Baltimore Police Department Commissioner Anthony Batts, center, approaches a news conference before announcing that the department's investigation into the death of Freddie Gray was turned over to the State's Attorney's office a day early on April 30, 2015.
Patrick Semansky—AP
May 7, 2015 3:34 PM EDT

Baltimore Police Commissioner Anthony Batts said Thursday he welcomed “with open arms” a request by Mayor Stephanie Rawlings-Blake for a Department of Justice civil rights review of his department.

“We have never shied away from scrutiny or assistance,” Batts said in a statement. “Our work is ongoing and anyone who wishes to be a part of helping the department better connect with the community will always be welcome.”

Rawlings-Blake asked for a full-scale civil rights review of the “patterns and practices” of the Baltimore police department in the wake of 25-year-old Freddie Gray’s death. Gray died from injuries sustained while in police custody and his death sparked outrage across the city. Six police officers were charged last week in Gray’s April 19 death.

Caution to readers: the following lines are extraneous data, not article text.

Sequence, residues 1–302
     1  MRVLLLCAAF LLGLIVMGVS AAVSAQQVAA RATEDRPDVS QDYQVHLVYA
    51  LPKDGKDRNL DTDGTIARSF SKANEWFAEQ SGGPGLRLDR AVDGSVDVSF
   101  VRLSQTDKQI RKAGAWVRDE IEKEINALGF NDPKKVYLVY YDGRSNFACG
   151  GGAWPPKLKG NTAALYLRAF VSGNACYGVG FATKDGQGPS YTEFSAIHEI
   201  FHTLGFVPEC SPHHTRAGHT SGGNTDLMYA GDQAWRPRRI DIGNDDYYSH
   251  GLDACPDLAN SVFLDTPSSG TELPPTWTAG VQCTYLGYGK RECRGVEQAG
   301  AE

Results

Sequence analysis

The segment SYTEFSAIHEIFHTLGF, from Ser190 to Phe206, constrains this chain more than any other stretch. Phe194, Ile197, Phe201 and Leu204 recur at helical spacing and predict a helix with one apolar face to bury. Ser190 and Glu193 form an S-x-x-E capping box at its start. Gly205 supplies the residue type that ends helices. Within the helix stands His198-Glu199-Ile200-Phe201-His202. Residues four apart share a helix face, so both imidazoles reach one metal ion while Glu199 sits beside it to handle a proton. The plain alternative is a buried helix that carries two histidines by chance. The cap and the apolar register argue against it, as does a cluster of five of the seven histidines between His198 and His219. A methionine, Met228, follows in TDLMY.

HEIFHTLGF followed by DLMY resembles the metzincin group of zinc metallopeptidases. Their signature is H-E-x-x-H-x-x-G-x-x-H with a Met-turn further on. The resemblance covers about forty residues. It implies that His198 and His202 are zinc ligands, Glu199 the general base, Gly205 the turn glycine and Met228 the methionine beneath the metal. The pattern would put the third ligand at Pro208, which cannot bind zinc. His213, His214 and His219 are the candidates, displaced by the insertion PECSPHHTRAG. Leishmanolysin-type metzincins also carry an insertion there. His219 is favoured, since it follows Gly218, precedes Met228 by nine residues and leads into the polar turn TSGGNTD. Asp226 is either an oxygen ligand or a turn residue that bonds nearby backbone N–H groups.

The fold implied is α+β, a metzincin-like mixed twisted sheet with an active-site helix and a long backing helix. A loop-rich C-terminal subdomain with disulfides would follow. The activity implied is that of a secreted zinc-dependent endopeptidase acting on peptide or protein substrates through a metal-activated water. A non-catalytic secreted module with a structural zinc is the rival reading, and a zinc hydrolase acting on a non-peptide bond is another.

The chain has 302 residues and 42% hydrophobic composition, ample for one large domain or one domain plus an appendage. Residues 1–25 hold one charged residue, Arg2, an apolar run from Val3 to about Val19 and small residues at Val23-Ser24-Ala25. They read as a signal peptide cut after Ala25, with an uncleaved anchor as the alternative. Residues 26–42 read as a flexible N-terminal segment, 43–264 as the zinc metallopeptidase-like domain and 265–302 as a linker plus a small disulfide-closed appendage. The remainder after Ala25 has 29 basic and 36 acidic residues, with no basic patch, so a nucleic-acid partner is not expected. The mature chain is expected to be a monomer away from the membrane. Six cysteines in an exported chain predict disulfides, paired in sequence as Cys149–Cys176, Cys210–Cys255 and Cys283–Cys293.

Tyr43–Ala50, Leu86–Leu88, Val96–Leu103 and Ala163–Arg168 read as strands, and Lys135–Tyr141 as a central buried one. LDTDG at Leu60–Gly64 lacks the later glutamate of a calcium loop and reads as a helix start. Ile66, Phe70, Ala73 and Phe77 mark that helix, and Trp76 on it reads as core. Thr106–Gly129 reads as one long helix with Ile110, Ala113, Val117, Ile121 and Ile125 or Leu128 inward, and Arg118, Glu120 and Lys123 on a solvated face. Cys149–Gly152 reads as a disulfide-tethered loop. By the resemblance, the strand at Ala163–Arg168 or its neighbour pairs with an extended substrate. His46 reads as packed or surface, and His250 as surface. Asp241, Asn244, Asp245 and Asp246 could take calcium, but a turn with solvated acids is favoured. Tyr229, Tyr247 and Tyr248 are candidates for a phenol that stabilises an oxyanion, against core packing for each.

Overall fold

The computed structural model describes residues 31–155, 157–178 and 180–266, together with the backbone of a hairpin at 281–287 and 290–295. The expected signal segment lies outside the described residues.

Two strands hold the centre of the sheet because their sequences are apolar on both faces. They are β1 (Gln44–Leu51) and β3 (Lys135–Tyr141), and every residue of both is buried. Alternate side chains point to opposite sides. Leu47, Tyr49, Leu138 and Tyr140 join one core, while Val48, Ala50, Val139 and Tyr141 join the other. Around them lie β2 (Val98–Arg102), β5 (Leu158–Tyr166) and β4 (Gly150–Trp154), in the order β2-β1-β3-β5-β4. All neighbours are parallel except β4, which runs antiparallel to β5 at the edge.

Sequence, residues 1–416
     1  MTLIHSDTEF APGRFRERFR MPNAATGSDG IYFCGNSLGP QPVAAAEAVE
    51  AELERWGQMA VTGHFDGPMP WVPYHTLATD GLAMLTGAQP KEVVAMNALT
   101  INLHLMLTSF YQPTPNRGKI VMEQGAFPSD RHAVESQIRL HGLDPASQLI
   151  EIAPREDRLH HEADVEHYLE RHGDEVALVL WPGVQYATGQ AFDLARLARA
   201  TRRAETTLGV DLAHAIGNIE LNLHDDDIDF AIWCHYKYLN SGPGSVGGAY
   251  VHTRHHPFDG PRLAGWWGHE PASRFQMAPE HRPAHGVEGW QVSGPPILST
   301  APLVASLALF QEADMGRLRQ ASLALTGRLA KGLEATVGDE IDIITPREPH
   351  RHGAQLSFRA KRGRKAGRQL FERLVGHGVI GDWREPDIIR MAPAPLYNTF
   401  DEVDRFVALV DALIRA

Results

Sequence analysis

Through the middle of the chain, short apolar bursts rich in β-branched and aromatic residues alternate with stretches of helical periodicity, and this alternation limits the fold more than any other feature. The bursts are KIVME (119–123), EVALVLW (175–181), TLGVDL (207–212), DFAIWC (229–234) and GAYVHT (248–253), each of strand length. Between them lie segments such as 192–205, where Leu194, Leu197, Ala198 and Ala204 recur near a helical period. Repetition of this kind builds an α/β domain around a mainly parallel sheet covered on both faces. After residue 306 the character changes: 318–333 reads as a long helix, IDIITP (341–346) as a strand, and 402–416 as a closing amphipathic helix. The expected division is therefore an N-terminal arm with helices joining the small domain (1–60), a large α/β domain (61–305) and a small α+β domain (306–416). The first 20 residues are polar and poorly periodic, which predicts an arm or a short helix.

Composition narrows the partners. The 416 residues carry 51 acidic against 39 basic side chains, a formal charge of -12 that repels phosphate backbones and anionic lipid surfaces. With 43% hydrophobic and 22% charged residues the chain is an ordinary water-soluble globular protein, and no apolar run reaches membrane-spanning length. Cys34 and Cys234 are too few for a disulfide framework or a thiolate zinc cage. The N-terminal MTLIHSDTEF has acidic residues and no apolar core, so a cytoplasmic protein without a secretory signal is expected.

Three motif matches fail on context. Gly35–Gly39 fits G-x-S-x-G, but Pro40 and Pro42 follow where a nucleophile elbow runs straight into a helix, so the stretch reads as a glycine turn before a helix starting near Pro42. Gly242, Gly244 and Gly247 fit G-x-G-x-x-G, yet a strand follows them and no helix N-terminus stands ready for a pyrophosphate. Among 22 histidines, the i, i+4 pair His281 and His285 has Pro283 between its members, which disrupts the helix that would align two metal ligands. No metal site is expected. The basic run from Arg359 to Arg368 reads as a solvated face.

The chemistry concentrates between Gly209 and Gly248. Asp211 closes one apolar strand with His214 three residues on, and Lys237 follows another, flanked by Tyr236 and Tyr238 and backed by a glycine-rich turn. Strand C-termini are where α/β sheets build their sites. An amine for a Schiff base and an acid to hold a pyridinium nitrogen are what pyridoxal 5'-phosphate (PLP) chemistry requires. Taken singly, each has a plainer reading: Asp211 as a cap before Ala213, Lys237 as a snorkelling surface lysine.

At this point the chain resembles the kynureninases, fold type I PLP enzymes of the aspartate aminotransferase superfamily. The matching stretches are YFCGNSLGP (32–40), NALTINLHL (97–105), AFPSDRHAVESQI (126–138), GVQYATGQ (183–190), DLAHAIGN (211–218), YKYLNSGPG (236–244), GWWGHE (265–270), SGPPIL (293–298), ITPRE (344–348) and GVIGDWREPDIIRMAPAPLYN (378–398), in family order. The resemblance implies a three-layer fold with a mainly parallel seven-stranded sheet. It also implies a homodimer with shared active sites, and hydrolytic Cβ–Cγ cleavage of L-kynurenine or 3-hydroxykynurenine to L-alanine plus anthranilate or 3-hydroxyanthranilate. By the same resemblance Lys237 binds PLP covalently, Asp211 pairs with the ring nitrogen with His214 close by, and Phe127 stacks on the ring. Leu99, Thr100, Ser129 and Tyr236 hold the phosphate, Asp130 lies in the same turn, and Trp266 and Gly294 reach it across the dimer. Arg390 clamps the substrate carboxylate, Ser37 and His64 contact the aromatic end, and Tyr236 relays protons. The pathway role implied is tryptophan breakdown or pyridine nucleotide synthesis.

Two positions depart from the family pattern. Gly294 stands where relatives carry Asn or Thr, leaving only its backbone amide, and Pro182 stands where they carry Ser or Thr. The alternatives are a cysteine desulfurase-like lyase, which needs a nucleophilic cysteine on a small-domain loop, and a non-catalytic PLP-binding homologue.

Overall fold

“We need to have a foundation of trust,” Mayor Blake said at a Wednesday press conference. A “collaborative review” of the Baltimore police department by the Department of Justice is already ongoing, but that doesn’t carry the weight of the full-scale civil rights investigation Mayor Blake has asked for.

Batts noted Thursday the Baltimore Police Department was already attempting to address some of these issues, and said as a result of changes they began implementing over two years ago, there was a “54% reduction in discourtesy complaints, a more than 40% reduction in excessive force complaints and a dramatic drop in lawsuits.”

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